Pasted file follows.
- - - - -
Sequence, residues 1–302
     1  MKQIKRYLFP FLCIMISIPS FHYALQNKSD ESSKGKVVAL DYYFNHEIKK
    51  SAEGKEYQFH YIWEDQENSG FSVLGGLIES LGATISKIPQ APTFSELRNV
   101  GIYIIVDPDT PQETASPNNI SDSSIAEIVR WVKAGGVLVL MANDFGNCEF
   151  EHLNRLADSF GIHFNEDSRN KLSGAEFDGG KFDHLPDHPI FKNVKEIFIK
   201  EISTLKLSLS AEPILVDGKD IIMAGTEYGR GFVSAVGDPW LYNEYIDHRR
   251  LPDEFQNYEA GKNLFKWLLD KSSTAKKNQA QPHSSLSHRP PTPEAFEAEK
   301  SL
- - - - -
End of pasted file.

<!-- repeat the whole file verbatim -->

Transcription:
Sequence, residues 1–302
     1  MKQIKRYLFP FLCIMISIPS FHYALQNKSD ESSKGKVVAL DYYFNHEIKK
    51  SAEGKEYQFH YIWEDQENSG FSVLGGLIES LGATISKIPQ APTFSELRNV
   101  GIYIIVDPDT PQETASPNNI SDSSIAEIVR WVKAGGVLVL MANDFGNCEF
   151  EHLNRLADSF GIHFNEDSRN KLSGAEFDGG KFDHLPDHPI FKNVKEIFIK
   201  EISTLKLSLS AEPILVDGKD IIMAGTEYGR GFVSAVGDPW LYNEYIDHRR
   251  LPDEFQNYEA GKNLFKWLLD KSSTAKKNQA QPHSSLSHRP PTPEAFEAEK
   301  SL